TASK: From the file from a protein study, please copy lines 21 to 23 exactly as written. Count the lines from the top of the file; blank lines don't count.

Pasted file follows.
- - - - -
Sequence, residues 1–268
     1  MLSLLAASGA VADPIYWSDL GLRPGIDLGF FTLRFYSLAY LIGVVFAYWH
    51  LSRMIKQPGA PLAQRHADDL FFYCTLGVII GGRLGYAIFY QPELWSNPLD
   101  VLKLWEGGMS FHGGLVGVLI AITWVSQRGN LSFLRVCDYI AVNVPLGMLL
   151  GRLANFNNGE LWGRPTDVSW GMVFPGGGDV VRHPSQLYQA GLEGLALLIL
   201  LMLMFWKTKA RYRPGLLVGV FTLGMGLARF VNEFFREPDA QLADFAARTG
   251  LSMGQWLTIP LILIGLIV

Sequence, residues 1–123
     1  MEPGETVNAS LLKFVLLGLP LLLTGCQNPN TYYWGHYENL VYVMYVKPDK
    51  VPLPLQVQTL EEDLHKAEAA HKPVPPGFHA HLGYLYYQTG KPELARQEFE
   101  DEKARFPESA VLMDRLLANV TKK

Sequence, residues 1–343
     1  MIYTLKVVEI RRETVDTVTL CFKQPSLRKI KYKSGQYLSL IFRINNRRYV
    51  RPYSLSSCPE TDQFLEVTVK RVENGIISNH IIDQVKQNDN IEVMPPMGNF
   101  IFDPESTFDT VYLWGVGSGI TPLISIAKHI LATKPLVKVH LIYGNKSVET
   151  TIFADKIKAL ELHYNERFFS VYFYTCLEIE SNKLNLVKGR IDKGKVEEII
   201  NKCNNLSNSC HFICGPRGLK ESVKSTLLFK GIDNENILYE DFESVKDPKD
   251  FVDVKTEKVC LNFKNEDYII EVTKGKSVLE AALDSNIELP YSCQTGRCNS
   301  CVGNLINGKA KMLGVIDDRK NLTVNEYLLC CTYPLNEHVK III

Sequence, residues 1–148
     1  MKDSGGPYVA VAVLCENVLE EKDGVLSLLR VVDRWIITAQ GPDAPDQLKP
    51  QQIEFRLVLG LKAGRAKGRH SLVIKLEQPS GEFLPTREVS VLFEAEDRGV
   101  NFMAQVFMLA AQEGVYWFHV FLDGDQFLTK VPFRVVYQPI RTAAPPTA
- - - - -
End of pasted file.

     1  MKDSGGPYVA VAVLCENVLE EKDGVLSLLR VVDRWIITAQ GPDAPDQLKP
    51  QQIEFRLVLG LKAGRAKGRH SLVIKLEQPS GEFLPTREVS VLFEAEDRGV
   101  NFMAQVFMLA AQEGVYWFHV FLDGDQFLTK VPFRVVYQPI RTAAPPTA